Deerfield-based Walgreen Co.'s fiscal second-quarter earnings fell almost 8 percent due in part to its decision to leave the Express Scripts pharmacy network, but the performance still topped analyst expectations.
The nation's largest drugstore chain said Tuesday its net income dropped to $683 million, or 78 cents per share, in the three months that ended Feb. 29. That compares to $739 million, or 80 cents per share, a year ago.
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The company said the Express Scripts split and a mild flu season trimmed its earnings by a combined 10 cents per share.
Revenue climbed less than 1 percent to $18.65 billion from $18.5 billion a year earlier.
Analysts surveyed by FactSet expected, on average, earnings of 77 cents per share on $18.57 billion in revenue.
Its shares rose 53 cents, or 1.5 percent, to $34.90 in premarket trading.
Express Scripts, a St. Louis-based pharmacy benefits manager, had paid Walgreen to fill prescriptions, but the companies let a contract between them expire at the end of last year after months of talks failed to produce a new deal. Walgreen has said this would hurt its performance during the current fiscal year.
The company said its split with Express Scripts hurt results by about 7 cents per share in the quarter.
Pharmacy benefits managers, or PBMs, run prescription drug plans and use large purchasing power to negotiate lower drug prices. They make their money by reducing costs for health plan sponsors and members.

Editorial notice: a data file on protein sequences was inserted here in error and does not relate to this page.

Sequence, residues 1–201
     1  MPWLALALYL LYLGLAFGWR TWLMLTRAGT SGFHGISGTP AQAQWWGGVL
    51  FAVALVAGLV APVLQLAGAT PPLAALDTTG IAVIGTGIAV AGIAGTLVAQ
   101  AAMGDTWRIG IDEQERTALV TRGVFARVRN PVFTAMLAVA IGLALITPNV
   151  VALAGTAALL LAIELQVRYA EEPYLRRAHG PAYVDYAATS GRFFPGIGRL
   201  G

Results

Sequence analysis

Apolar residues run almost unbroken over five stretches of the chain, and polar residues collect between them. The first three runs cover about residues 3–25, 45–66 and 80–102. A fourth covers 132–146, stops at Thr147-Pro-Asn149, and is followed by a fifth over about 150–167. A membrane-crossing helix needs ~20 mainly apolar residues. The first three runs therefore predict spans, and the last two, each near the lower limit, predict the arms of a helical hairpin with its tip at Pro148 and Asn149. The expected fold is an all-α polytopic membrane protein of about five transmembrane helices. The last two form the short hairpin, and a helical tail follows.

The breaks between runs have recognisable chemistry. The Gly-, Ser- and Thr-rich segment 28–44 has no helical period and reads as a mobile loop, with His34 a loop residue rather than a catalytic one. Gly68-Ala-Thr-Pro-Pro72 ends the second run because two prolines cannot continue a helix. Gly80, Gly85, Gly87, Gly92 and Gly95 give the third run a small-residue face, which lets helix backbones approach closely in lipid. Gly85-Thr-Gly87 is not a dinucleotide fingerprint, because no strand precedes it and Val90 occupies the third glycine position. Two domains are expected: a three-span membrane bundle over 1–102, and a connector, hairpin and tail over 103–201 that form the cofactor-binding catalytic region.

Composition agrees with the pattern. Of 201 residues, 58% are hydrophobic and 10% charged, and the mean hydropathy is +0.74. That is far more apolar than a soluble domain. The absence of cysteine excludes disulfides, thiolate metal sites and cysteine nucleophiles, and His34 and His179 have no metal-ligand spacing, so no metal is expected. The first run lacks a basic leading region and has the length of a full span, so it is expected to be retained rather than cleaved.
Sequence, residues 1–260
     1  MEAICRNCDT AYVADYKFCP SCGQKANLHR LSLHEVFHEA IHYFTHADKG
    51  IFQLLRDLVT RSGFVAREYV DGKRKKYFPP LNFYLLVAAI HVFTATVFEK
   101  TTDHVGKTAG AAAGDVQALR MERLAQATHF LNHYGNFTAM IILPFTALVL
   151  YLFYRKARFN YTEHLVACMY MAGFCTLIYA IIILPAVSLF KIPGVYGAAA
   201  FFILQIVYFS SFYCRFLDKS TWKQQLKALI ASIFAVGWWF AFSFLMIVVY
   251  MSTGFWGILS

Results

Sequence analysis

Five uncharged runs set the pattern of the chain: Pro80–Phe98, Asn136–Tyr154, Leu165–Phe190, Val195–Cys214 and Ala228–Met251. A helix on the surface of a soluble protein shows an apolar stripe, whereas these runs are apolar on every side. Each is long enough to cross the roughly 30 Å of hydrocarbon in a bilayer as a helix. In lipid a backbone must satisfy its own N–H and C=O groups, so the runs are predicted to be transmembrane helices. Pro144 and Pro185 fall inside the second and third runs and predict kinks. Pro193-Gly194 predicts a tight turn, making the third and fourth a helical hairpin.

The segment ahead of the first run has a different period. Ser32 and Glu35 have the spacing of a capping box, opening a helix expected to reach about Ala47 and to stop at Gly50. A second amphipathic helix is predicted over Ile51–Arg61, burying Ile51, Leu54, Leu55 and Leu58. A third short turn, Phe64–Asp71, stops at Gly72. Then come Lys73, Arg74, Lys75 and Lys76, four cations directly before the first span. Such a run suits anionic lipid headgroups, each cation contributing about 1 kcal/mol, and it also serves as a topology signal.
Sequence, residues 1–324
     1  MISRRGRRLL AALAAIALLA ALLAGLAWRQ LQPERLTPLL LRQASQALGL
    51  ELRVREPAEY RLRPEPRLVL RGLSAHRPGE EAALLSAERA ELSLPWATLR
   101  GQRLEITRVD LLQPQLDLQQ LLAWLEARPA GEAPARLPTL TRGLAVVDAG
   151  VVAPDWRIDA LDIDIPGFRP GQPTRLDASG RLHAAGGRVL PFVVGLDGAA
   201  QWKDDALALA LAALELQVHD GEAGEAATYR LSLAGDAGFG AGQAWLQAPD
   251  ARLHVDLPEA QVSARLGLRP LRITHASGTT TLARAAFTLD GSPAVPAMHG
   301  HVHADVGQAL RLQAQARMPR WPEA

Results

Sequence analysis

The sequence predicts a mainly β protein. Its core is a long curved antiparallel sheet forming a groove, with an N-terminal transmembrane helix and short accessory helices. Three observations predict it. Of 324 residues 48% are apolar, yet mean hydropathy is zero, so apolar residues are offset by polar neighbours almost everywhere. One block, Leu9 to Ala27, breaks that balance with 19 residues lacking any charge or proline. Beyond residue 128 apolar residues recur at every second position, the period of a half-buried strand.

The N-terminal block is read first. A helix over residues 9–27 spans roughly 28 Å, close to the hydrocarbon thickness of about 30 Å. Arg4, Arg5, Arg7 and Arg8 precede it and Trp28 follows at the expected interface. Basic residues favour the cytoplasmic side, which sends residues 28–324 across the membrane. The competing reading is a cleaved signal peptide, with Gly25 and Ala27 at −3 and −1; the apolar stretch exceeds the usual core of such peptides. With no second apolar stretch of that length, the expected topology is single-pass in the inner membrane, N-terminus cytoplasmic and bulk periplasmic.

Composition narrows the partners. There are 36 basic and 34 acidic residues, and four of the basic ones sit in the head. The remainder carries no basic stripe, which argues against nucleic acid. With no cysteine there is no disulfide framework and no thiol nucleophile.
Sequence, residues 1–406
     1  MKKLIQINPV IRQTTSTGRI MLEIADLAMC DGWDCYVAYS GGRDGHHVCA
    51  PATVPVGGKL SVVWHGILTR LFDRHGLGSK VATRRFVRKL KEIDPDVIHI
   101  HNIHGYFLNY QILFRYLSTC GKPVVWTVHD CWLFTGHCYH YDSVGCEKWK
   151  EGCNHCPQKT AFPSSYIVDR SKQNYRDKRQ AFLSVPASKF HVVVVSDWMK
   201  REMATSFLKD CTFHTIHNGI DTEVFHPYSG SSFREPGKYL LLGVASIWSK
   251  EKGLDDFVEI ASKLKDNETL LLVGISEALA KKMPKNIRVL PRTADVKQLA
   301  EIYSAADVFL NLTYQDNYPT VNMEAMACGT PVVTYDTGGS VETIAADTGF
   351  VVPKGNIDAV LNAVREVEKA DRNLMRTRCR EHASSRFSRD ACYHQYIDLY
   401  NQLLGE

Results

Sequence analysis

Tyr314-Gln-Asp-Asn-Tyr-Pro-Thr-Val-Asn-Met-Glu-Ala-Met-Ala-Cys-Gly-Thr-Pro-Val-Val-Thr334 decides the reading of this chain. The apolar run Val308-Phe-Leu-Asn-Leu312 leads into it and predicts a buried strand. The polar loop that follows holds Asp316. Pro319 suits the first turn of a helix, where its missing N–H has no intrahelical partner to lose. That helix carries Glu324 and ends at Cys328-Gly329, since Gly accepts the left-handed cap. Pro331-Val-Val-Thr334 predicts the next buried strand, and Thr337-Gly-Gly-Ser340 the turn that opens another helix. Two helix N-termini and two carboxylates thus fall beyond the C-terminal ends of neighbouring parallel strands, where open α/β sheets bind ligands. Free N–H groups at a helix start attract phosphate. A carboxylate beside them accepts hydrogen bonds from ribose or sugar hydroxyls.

Express Scripts has said it ended the Walgreen contract because the drugstore chain wanted a premium compared to what Express Scripts paid other pharmacies. Walgreen has disputed that and said it would rather give up the revenue it gets from Express Scripts than continue filling unprofitable prescriptions.
Walgreen also said Tuesday a mild cough/cold and flu season hurt earnings by 3 cents per share in its fiscal second quarter. Flu shots administered this flu season through Feb. 29 totaled 5.5 million, an 11 percent drop compared to last year.
Prescriptions filled in stores open at least a year fell 4.9 percent. Revenue from the front-end, or rest of the store, rose 2.1 percent.
Revenue from stores that have been open at least a year is considered a key indicator of a retailer's long-term health because it excludes stores that recently opened or closed.
Walgreen operated 7,841 drugstores at the end of February, or 151 more than it operated a year ago. It has more locations than competitors CVS Caremark Corp. or Rite Aid Corp.